Sunday, September 11, 2011

Exotic, Thoroughly Orleanian, But Disappointing

Bennachin Restaurant
1212 Royal Street
New Orleans, Louisiana

This African restaurant has been on my New Orleans restaurant wish-list for months, so when the opportunity to try it came up, I jumped at it. It's a very, very small place on Royal between Governor Nicholls and Barracks Streets. There was only one open table large enough for four people. Most were tables for two, with one for six in the window.

The service was prompt at first, though later, after the tables all filled, the one server on duty was harried. Still, she got everyone served, correctly and as fast as things came out of the kitchen, though there was the distraction of the front door knob falling off, so that every time someone closed the door, someone from the kitchen had to come with a knife to open it. Eventually they put a sign on the door asking people not to close it, and the people seated closest made it their special mission to enforce that injunction. Lucky, weren't we, that the air outside was unseasonably cool, and the bug population of New Orleans appeared to have taken the weekend off. (Those facts, of themselves, makes me view the entire world in an uncharacteristically optimistic light, and may have influenced my reviews of this and other New Orleans restaurants.)

Looking around the restaurant didn't give me any sense of Africa. Other than a cheesy page torn from some child's book, a map showing the major cities in Africa, and a similar assembly of photographs of some of those cities' most touristy location, there was nothing to evoke the continent, and certainly nothing to evoke the two regions where the cuisine on offer originates, the Bight of Benin and Senegambia. The pretense that all Africa is a cultural unit may be comforting to descendants of slaves, and probably to young, white New-Age One-World types, but it has no basis in reality. It is a post-modern conceit, based on ignorance and given full play in this restaurant.

But that's neither here nor there where the food is concerned. While it may be fatuous to pretend that a tourist from Luanda or Lilongwe will be right at home here, the pairing of cuisines from Cameroon and the Gambia is no more incongruous that offering both Thai and Chinese in the same restaurant, a pairing that is less exotic only because it is more familiar to Americans, who, for the most part, are likely as not to see all those peoples and foods as Basically The Same, whether lumped together as Asians or as Africans. My own experience of Africa is not extensive, but it's enough to know that people widely separated geographically will have significant differences, and people who are widely separated politically will have significant differences, and people who are widely separated both geographically and politically will have vast differences. So will their cuisines.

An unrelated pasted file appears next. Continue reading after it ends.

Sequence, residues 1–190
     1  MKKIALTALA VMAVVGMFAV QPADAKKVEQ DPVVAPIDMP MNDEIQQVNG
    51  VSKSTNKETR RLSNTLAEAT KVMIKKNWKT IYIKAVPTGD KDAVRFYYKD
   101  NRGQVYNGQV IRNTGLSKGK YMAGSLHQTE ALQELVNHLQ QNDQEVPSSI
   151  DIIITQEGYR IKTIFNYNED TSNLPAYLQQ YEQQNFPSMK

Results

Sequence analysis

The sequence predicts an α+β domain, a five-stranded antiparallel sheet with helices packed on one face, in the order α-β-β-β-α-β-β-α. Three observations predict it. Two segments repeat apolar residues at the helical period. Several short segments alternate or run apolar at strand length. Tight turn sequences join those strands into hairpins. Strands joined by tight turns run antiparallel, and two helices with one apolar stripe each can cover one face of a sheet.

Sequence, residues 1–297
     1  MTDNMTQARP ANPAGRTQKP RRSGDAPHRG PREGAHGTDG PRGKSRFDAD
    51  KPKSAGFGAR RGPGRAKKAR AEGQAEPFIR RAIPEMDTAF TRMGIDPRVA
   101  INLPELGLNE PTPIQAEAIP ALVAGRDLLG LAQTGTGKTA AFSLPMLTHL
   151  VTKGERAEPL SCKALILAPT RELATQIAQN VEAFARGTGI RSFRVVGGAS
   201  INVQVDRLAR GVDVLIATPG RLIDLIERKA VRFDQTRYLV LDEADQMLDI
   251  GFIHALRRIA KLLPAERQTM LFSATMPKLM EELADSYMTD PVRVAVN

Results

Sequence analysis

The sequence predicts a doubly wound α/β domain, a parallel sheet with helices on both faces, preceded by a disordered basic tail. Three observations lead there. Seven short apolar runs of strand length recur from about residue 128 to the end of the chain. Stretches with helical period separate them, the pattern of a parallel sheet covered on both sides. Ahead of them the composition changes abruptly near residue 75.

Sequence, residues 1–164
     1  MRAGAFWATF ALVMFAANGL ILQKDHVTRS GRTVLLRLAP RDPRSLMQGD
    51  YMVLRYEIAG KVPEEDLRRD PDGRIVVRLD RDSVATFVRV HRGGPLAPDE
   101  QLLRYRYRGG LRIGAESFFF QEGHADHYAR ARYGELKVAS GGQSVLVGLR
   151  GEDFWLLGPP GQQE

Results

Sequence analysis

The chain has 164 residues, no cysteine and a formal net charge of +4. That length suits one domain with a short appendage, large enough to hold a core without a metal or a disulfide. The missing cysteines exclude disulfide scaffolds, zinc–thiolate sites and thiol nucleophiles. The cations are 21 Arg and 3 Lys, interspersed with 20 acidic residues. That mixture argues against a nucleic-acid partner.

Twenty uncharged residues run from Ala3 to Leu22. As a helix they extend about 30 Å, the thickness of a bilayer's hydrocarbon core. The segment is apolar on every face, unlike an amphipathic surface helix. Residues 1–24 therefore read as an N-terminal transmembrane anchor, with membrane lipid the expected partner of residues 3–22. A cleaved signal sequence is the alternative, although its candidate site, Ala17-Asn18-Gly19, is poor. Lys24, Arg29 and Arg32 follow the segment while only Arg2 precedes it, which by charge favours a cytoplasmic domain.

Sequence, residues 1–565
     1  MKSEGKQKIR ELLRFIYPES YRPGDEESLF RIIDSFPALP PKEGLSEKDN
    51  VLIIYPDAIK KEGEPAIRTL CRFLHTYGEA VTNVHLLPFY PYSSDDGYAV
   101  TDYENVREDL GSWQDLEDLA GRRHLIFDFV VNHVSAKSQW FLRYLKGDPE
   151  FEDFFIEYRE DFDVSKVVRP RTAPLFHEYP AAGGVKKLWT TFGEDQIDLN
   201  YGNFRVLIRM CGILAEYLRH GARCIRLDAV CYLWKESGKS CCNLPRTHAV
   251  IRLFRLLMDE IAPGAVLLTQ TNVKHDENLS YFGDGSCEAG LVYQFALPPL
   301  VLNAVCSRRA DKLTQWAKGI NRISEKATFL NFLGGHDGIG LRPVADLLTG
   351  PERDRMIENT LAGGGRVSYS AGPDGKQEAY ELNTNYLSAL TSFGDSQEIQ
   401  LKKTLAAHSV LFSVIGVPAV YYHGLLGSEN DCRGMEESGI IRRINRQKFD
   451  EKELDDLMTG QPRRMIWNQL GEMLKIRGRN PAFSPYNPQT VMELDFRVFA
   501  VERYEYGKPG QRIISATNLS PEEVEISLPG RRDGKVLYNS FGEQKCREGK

For our dining experience, we started with drinks of ginger. Not ginger ale; just ginger water. It is still-water with minced ginger, served cold. The flavour is powerfully strong, requiring that you sip it slowly. It's not at all sweet, and the taste seems to vary in palatability as you drink it, but it is a generally pleasant taste. 

I can't quite say the same for the food. We had three dishes at our table. First was the dish for which the restaurant was named, bennachin, which I know from other sources as Jollof Rice, a delicious mixture of meat, rice and vegetables. This version was powerfully seasoned in a way that jolted at the first taste, then grew more tolerable with each successive bite. The quality of the meat (beef, in this incarnation; no pun intended) was reasonably good and the dish was satisfying in both quality and quantity. It was served with an unfortunate spinach sauté that tasted like canned spinach with some oil and onion in it. I found it inedible.

Next was ndole, a dish combining beef, spinach and peanuts in a sauce of garlic and ginger. It was tasty, and I thought it would have been good did it not seem to use beef that was well past its sell-by date. It tasted spoiled to me, though the person who ordered it thought it good, and had no ill effects later on. It was served with fried plantains, and coconut rice that was good but had no discernible coconut flavour to it.

Finally, there was shipa shipa, shrimp and rice covered in a tomato sauce seasoned with celery and onions. I found the sauce boring, except for the unpleasantly strong taste of celery. The shrimp and the rice were both unremarkable. Again, the person who ordered it thought it was good, but he did have ill effects later on. I don't know if this is a case of cause-and-effect, or simply a post hoc ergo propter hoc fallacy; you decide.

The prices were not extraordinarily high per se. Had the food lived up to its potential, they would have been extrememly reasonable. But this, it seems to me, is a case of a restaurant pricing foods as though they were something really special, then serving up mediocrity at those same prices. Just because the cuisine is exotic, perhaps unique in the area, doesn't mean we should pay premium prices, if it just ain't good. And I don't think the food at Bennachin is all that good.
Bennachin Restaurant on Urbanspoon

1 comment:

  1. John LeblancSeptember 22, 2011

    Interesting. I really appreciate the detail you give about the food you guys had here. I tried it myself a few months ago, and I have to agree with just about everyting you say, except that I thought that ginger drink was awful. I went there hoping to be rminded of my visits to Africa (mostly Liberia and Ghana) back in the 90s, but decided that it was more reminiscent of Algiers (the New Orleans neighborhood, not the city in Algeria).


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